After three months, the study's patients took the same computer test while wearing EEG caps. Researchers found that those who'd exhibited higher ERN levels at the study's beginning had reduced anxiety levels if they'd been treated with CBT compared to those treated with medication. This might be because the structured form of therapy is all about changing behavior: Those with enhanced ERN might be more receptive to CBT than other patients, as they're already preoccupied with the way they act.

EEG equipment sounds high-tech, but it's relatively cheap and easy to access. Thanks to its availability, UIC psychiatrists think their anxiety test could easily be used in doctors’ offices to measure ERN before determining a course of treatment.

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Food
A Pitless Avocado Wants to Keep You Safe From the Dreaded 'Avocado Hand'
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The humble avocado is a deceptively dangerous fruit. Some emergency room doctors have recently reported an uptick in a certain kind of injury—“avocado hand,” a knife injury caused by clumsily trying to get the pit out of an avocado with a knife. There are ways to safely pit an avocado (including the ones likely taught in your local knife skills class, or simply using a spoon), but there’s also another option. You could just buy one that doesn’t have a pit at all, as The Telegraph reports.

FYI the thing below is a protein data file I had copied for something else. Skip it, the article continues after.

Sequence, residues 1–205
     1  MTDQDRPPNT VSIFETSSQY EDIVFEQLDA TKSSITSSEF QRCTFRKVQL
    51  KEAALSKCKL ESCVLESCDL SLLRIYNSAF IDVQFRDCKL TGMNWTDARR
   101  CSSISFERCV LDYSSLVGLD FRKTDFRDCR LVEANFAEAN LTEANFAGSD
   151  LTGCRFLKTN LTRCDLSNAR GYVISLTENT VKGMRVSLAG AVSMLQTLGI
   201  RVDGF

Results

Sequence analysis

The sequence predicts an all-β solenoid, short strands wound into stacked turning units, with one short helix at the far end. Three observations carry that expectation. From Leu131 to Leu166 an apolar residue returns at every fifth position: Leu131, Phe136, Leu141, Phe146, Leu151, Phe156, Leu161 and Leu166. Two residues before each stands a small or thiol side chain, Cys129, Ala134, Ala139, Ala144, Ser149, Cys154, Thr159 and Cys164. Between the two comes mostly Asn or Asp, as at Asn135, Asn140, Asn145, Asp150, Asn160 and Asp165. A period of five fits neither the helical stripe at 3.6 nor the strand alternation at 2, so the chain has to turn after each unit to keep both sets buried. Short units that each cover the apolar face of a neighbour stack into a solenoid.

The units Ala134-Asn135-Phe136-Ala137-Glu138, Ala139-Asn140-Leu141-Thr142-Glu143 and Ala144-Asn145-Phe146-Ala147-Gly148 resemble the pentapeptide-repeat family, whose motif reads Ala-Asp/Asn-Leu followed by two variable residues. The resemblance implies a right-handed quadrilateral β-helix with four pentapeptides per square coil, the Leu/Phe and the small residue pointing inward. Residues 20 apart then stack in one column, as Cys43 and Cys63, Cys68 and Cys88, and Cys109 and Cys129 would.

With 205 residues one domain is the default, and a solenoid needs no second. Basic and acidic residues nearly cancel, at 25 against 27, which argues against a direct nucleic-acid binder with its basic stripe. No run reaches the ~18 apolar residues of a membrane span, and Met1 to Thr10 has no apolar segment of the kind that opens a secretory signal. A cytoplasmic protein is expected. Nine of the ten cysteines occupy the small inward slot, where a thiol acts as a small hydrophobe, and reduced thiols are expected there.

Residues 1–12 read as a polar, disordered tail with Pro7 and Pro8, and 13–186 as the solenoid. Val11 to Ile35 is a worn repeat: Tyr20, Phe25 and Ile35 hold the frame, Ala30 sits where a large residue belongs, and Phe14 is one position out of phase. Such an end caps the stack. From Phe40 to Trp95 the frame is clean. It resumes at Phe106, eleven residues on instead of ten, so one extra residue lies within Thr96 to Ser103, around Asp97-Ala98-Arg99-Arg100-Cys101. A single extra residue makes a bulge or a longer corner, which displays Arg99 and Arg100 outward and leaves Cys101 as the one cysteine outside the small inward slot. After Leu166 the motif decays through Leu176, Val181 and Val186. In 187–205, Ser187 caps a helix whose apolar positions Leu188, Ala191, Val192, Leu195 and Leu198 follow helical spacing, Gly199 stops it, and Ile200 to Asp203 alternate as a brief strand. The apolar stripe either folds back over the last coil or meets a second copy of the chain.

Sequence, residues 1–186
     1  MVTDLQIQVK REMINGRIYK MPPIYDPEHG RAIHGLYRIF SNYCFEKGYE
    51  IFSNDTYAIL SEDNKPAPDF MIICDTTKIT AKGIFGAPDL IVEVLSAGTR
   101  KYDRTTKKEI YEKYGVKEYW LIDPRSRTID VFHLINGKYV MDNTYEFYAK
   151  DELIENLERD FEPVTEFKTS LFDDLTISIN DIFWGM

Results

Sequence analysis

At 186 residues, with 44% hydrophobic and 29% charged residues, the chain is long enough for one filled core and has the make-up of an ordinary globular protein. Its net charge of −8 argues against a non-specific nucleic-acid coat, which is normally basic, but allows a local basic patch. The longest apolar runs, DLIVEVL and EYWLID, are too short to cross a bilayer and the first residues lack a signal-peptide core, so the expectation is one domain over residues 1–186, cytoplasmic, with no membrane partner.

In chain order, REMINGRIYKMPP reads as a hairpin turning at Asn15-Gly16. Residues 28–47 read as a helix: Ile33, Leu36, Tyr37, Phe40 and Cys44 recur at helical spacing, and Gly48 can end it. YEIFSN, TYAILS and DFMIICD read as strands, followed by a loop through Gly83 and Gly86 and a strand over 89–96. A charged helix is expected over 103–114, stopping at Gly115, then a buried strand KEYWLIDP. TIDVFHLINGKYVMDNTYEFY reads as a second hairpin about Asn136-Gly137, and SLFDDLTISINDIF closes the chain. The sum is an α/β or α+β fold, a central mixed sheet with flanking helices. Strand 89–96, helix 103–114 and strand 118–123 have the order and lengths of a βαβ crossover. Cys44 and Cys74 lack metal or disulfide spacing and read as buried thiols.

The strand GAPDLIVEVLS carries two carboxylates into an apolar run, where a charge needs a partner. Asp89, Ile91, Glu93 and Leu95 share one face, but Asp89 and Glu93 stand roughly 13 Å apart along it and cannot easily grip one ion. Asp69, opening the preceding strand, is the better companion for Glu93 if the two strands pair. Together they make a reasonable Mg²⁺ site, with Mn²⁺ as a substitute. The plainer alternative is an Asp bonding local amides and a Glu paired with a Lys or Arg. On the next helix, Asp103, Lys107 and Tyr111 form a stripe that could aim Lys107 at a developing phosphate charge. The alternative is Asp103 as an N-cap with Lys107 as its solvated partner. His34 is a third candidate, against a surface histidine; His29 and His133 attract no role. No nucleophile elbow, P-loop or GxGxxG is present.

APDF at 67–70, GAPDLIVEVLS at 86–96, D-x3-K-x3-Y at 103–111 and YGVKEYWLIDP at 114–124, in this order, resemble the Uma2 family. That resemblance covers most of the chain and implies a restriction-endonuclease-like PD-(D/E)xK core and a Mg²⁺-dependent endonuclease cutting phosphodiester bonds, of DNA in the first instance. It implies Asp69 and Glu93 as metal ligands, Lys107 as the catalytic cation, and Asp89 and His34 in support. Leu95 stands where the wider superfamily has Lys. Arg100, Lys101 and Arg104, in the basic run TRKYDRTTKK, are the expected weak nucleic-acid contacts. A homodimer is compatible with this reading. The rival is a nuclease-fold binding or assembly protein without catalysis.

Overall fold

British retailer Marks & Spencer has started selling cocktail avocados, a skinny, almost zucchini-like type of avocado that doesn’t have a seed inside. Grown in Spain, they’re hard to find in stores (Marks & Spencer seems to be the only place in the UK to have them), and are only available during the month of December.

The avocados aren’t genetically modified, according to The Independent. They grow naturally from an unpollinated avocado blossom, and their growth is stunted by the lack of seed. Though you may not be able to find them in your local grocery, these “avocaditos” can grow wherever regular-sized Fuerte avocados grow, including Mexico and California, and some specialty producers already sell them in the U.S. Despite the elongated shape, they taste pretty much like any other avocado. But you don’t really need a knife to eat them, since the skin is edible, too.

If you insist on taking your life in your hand and pitting your own full-sized avocado, click here to let us guide you through the process. No one wants to go to the ER over a salad topping, no matter how delicious. Safety first!

[h/t The Telegraph]